How is Covid-19 changing the UAE’s educational landscape?

In the aftermath of the Covid-19 outbreak and extended distance learning programmes, schools and parents continue to deal with a number of challenges



On March 8, the UAE’s Ministry of Education (MoE) made the announcement to have an early spring break, ordering students to stay at home for four weeks as part of precautionary measures against the Covid-19 virus.

A two-week distance learning programme was announced for students during the break.

On March 22, the first day of e-learning, over 1.2 million school and university students across the country joined their virtual classrooms, Cavendish Maxwell’s Education Market Report 2019-2020 revealed.

With the UAE tightening measures to curb the spread of the coronavirus, it was announced on March 30 that the distance learning programme would be extended until the end of the current academic year.

Read more: All UAE schools, universities to extend e-learning programmes until June

Relevant local authorities undertook several steps to pan out the remote learning initiative. The education ministry launched its ‘Learning from Afar’ distance learning programme for students for the duration of the closure. In a bid to ascertain if teachers were ready for this transition, the ministry in partnership with the Hamdan bin Mohammed Smart University, extended a free e-training course to more than 42,000 teachers and academic staff, Cavendish Maxwell’s report revealed.

Meanwhile, Dubai’s education regulator, Knowledge and Human Development Authority (KHDA) launched a new distance learning platform #InThisTogetherDubai. Via the initiative, private entities extended assistance by offering apps, websites, services and other resources to parents, students and teachers free of charge. Meanwhile some private institutions implemented their own distance learning systems.

Uncharted territories

As schools and parents continue to come to terms with what is expected to be a protracted remote learning season, educational institutions will have to tackle several challenges such as transition to the e-learning module, re-prioritising and upskilling teachers and staff.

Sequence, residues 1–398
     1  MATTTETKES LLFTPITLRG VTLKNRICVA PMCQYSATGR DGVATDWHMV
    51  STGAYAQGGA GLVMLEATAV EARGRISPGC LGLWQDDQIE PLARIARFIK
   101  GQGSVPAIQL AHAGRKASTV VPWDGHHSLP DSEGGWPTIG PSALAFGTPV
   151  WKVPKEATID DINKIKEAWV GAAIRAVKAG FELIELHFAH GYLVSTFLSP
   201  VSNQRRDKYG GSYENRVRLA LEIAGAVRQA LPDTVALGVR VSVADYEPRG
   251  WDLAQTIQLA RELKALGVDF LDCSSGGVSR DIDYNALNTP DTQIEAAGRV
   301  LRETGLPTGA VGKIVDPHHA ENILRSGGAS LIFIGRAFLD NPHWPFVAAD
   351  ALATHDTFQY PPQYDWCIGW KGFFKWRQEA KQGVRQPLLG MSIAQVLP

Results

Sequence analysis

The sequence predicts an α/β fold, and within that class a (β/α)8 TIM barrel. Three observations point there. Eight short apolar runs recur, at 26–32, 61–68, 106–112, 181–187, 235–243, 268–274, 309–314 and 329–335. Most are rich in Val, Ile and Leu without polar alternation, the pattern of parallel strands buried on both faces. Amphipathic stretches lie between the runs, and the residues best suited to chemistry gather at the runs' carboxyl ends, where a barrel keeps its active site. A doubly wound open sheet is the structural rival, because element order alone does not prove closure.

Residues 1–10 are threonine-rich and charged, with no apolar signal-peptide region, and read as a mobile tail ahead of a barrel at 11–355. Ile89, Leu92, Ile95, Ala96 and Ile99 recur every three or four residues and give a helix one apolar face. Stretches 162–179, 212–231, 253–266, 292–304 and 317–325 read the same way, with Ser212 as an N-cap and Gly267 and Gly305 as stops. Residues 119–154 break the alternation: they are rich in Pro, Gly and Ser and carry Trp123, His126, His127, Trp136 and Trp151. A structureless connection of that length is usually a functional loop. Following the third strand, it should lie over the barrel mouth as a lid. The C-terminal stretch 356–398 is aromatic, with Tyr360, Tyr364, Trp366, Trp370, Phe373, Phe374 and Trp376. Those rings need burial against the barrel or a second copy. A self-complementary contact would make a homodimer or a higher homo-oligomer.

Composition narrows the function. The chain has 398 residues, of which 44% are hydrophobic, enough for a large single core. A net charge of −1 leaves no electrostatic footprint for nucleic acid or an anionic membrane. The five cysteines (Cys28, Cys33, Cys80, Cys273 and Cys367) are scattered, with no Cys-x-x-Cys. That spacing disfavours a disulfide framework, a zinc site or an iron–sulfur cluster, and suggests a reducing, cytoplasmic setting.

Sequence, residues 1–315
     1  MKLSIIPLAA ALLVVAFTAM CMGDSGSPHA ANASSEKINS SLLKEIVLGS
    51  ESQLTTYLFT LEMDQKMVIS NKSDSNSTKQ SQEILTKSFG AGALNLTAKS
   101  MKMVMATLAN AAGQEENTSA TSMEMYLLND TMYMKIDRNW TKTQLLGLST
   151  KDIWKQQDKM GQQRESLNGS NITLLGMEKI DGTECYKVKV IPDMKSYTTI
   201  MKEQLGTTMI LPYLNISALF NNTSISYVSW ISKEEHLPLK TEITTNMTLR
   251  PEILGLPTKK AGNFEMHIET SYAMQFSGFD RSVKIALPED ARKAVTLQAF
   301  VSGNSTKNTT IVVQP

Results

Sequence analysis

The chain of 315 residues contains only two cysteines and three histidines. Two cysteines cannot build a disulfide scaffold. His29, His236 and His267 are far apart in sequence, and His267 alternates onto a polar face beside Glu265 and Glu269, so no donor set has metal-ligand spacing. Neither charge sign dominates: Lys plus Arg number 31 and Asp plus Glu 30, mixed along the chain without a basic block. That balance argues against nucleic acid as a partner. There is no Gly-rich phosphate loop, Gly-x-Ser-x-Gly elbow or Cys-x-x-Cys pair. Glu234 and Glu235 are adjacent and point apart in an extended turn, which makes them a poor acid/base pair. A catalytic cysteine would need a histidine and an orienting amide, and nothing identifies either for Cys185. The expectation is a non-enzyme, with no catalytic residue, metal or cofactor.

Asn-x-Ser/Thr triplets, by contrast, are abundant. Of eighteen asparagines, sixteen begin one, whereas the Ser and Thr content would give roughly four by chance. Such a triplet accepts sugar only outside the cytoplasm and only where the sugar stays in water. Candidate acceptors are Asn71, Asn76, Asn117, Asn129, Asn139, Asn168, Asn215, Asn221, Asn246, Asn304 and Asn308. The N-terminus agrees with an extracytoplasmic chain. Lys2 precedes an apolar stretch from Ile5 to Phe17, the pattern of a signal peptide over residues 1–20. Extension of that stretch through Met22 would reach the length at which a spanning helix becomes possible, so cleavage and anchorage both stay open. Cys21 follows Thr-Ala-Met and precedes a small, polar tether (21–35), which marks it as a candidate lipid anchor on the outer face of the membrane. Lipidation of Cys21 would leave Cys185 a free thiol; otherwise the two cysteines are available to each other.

“School leaders are currently navigating uncharted territory, and they must address several fronts simultaneously,” says Maya El Hachem, managing director and partner, Boston Consulting Group (BCG).

“Their immediate priorities should be continuing to deliver quality education through equipping and training staff to use digital tools, innovating educational content, and actively communicating with parents. School leaders and educators should aim to team with parents and tailor their formats and schedules to satisfy the needs and constraints of students and their parents.

“Secondly, school leaders must ensure financial resilience which does not only entail cost-cutting measures but also identifying smart investments. Cost reduction measures mostly relate to facilities management and utilities, and pooling of resources. Costs saved should be partially re-invested in priority areas such as technology, staff training, and well-being programmes.”

The extension of the distance learning programme also prompted parents to seek relief related to school fees. Since then, several schools across the country have responded to the situation by announcing fee waivers.

Further relief was extended when KHDA confirmed that all bus fees for Term 3 of the current academic year (Term 1 for Indian and Pakistani schools) were to be refunded.

Read: Revealed: All you need to know about tuition fee discounts offered by UAE schools

However, as the Covid-19 continues to negatively impact industries across world economies, the education sector too is expected to be hit by the fallout of the virus. Hence, a concerted effort from private and state stakeholders is required across all countries and states to ensure a smooth transition to digital learning and a smooth reversal of the same.

“The financial sustainability and resilience of private schools is critical in the region given the strong reliance on private education provision models,” explains El Hachem.

“As a result, governments are promptly intervening with short-term measures to avoid school closures and financial distress. In Dubai, for example, KHDA has guaranteed schools income from tuition fees by preventing students that drop out of the third trimester of this year to advance to the next academic level at the beginning of next year. This measure aims to protect the salaries and employment status of teachers and staff until the end of this academic year.”

Normalcy in due course

Schools in the UAE are expected to resume operations in September later this year. That said, a lot remains to be seen on how the situation evolves.

“For now, most schools are preparing to reopen their doors at the beginning of the next academic year in September 2020. In reality, there is still much uncertainty surrounding how quickly we will navigate out of this crisis and returning to normalcy may vary for each country or city,” El Hachem notes.

“Schools must prepare remedial and support plans such as summer programmes, early school openings, or extended school hours to rebuild momentum and ensure students’ reintegration and readiness,” she adds.